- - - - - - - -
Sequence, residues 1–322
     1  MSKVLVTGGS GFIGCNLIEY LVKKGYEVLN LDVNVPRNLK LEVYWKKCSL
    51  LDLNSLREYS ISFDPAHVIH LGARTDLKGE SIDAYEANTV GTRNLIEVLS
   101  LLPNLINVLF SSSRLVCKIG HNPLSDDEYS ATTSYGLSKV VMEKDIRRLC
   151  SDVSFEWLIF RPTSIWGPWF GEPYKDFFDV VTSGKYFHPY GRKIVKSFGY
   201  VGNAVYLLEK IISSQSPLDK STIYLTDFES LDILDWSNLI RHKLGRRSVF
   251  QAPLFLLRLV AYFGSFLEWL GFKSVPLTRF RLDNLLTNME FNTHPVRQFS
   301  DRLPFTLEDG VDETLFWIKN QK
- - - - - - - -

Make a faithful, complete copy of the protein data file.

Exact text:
Sequence, residues 1–322
     1  MSKVLVTGGS GFIGCNLIEY LVKKGYEVLN LDVNVPRNLK LEVYWKKCSL
    51  LDLNSLREYS ISFDPAHVIH LGARTDLKGE SIDAYEANTV GTRNLIEVLS
   101  LLPNLINVLF SSSRLVCKIG HNPLSDDEYS ATTSYGLSKV VMEKDIRRLC
   151  SDVSFEWLIF RPTSIWGPWF GEPYKDFFDV VTSGKYFHPY GRKIVKSFGY
   201  VGNAVYLLEK IISSQSPLDK STIYLTDFES LDILDWSNLI RHKLGRRSVF
   251  QAPLFLLRLV AYFGSFLEWL GFKSVPLTRF RLDNLLTNME FNTHPVRQFS
   301  DRLPFTLEDG VDETLFWIKN QK